The debt of the public administrations as a whole rose in the second quarter to the historical maximum of 1.42 trillion euros, standing at 122.8% of GDP, so it increased in relative terms by 2.26% compared to the previous quarter, according to data published this Thursday by the Bank of Spain.
In the interannual rate, it increased by 10.35% compared to the same quarter of last year, with 133,661 million more as a result of the Covid-19 crisis, which has cut income and raised expenses to finance the approved support measures.
Thus, the public debt to GDP ratio stood at 122.8%, which is 2.5 percentage points less than the ratio in the first quarter (125.3%), when it reached its highest historical level. At a year-on-year level, the public debt ratio has risen by 12.5 percentage points.
State debt rises
By administrations, public debt increased in all between the months of April and June of this year, except in local corporations. Thus, the State debt rose in the second quarter to 1,273,430 million euros, 9.85% more than a year ago, which represents 109.7% of GDP, with an increase of 10.6 percentage points compared to the same period last year, but down 2.5 percentage points compared to the previous quarter.
For its part, the debt of the autonomous communities grew by 2.1% year-on-year, to 312,030 million euros in the second quarter, equivalent to 26.9% of GDP, eight tenths more than in 2020. In addition, it increased by 4,345 million compared to the previous quarter.
On the contrary, local corporations reduced their debt by 9.3% in the second quarter compared to the same period of the previous year, to 22,644 million euros, which represents 2% of GDP, similar to the ratio of last year and the previous quarter.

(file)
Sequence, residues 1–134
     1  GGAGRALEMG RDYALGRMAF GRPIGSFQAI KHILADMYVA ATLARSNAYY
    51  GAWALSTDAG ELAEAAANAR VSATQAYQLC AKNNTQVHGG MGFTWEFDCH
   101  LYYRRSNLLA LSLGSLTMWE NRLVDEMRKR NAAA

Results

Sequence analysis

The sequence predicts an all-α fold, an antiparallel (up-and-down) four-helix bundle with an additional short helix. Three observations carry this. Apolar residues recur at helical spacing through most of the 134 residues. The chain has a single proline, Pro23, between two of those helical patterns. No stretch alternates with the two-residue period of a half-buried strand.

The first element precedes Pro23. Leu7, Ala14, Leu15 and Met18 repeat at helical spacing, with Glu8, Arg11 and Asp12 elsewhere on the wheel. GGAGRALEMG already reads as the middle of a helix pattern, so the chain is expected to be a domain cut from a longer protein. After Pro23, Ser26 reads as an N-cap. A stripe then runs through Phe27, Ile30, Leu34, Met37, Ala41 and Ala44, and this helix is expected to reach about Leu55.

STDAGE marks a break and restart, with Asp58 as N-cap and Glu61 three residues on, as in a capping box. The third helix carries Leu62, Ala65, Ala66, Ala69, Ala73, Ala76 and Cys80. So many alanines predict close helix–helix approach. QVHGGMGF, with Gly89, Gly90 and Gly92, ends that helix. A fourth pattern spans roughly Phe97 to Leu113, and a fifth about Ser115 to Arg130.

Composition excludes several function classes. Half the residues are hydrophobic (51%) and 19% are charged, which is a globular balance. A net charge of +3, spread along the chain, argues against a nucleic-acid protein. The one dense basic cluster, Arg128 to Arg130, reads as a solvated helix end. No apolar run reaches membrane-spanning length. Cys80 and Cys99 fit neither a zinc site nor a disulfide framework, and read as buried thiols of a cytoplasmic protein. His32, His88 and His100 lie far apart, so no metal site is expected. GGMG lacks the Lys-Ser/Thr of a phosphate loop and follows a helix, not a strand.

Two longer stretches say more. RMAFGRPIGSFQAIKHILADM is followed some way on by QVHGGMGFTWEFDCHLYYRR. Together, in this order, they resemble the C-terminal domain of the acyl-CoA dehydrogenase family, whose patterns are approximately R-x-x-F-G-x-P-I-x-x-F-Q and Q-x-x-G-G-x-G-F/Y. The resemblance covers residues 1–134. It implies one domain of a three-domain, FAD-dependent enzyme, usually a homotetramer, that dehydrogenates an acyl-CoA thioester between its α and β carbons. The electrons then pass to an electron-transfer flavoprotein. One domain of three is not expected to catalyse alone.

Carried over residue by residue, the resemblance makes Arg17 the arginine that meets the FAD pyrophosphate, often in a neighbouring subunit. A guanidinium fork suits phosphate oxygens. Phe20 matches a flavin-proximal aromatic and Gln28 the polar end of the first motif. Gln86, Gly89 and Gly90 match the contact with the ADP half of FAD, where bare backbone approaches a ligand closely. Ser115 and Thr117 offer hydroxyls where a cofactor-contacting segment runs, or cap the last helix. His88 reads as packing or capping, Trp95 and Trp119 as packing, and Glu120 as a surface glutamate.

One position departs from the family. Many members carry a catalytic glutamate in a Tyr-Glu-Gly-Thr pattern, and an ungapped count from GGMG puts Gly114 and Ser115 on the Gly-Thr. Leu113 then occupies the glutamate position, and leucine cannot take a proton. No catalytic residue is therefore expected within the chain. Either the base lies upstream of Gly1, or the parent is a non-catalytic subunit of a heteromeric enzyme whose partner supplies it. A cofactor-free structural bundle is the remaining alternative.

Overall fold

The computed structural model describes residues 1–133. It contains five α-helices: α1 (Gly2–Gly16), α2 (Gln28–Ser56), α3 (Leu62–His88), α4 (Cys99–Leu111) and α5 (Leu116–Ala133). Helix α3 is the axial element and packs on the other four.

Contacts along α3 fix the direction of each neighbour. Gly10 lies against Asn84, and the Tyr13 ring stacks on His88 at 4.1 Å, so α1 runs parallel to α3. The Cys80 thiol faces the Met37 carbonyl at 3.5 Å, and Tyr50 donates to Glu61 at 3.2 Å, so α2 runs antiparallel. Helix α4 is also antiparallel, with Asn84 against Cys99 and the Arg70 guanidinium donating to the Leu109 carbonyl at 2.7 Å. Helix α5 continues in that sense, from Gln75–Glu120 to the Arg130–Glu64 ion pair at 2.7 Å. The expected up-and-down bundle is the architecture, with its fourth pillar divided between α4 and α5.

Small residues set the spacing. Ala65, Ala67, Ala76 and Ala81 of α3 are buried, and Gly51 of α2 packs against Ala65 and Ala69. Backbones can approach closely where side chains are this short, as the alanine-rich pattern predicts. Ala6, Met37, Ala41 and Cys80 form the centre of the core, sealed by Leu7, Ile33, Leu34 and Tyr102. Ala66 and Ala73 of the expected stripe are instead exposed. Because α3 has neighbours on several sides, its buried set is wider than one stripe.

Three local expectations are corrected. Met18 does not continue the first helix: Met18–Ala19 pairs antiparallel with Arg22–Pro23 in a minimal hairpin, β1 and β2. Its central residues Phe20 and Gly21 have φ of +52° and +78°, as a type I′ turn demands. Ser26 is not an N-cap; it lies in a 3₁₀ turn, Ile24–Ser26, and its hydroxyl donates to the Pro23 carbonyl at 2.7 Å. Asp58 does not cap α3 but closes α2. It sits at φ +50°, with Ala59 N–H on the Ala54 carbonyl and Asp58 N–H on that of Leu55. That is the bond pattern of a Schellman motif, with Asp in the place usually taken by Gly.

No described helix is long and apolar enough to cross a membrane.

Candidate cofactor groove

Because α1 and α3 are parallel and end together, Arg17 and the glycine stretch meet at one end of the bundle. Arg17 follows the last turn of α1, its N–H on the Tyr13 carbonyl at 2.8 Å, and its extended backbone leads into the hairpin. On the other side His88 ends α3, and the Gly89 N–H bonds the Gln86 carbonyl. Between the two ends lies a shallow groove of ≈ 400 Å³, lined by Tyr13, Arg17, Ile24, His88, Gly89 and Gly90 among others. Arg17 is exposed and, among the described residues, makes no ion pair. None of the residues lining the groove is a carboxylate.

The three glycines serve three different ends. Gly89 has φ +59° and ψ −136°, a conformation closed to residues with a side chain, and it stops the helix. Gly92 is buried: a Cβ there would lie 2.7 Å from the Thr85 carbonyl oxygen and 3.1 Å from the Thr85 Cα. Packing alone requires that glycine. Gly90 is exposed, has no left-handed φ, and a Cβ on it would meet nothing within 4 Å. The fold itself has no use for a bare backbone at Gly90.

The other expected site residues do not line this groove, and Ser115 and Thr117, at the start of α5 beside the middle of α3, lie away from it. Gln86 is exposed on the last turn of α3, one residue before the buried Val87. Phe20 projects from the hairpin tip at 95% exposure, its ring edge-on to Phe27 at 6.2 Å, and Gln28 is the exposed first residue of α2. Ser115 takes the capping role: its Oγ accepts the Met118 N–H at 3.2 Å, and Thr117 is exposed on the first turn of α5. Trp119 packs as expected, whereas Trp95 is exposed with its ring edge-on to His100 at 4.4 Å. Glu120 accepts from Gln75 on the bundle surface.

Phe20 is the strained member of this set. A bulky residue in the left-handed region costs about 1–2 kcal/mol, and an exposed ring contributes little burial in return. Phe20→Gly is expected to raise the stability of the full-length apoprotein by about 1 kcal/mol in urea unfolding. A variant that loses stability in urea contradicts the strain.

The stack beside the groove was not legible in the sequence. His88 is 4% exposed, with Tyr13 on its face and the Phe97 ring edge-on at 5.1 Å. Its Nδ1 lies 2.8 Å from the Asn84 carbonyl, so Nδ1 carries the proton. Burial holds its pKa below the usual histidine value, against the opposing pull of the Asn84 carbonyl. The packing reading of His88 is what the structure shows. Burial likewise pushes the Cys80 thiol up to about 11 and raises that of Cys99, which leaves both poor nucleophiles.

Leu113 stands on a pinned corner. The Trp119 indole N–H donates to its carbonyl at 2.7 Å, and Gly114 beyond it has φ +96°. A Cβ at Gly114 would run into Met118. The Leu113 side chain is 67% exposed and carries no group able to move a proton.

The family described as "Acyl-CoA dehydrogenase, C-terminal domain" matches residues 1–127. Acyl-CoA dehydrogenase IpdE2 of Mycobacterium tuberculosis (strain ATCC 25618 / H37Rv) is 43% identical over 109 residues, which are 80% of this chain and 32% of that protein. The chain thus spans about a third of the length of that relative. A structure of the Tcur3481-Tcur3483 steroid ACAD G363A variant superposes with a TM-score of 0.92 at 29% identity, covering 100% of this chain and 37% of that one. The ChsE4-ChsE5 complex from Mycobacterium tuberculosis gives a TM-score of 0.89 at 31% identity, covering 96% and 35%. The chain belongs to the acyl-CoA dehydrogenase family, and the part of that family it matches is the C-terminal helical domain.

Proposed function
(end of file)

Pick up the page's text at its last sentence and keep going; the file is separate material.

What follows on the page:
Finally, the debt of the Social Security administrations climbed to 91,855 million euros between April and June, which marked its historical record, adding 23,000 million more in a single year, with an increase of 33.4%. The ratio over GDP rises to a record 7.9%, as a consequence of the higher expenses it has had to face to protect families and companies.
Within the autonomous communities, debt increased in absolute terms in all regions compared to the second quarter of the previous year, except in Asturias, the Community of Madrid and Navarra.
Catalonia (€ 81,862 million), Valencian Community (€ 51,747 million), Andalusia (€ 35,577 million) and Madrid (€ 35,194 million) continue to account for two thirds of all debt in the hands of regional governments in the second quarter, although it is also due to a population issue.
Next are the communities of Castilla-La Mancha (15,652 million), Castilla y León (13,290 million), Galicia (12,071 million), the Basque Country (11,539 million), Murcia (11,154 million) and the Balearic Islands (9,359 million).
Aragón (8,979 million), Canarias (6,575 million), Extremadura (5,321 million), Asturias (4,865 million), Navarra (3,620 million), Cantabria (3,525 million) and La Rioja (1,699 million) close the table.
However, as a percentage of GDP, the Valencian Community, with an indebtedness that amounts to 47.8%, continues to lead the regions most indebted in relation to their wealth, followed by Castilla-La Mancha, with 39.2%, and Catalonia, with 37.1%.
By size of town councils, those with more than 300,000 inhabitants accumulated a debt of 4,804 million euros until June, 329 million less than in the same quarter of the previous year.
Specifically, Madrid, with a debt of 1,710 million euros, continues to lead the most indebted local corporations, followed by Barcelona, with 835 million, and Zaragoza, with 685 million.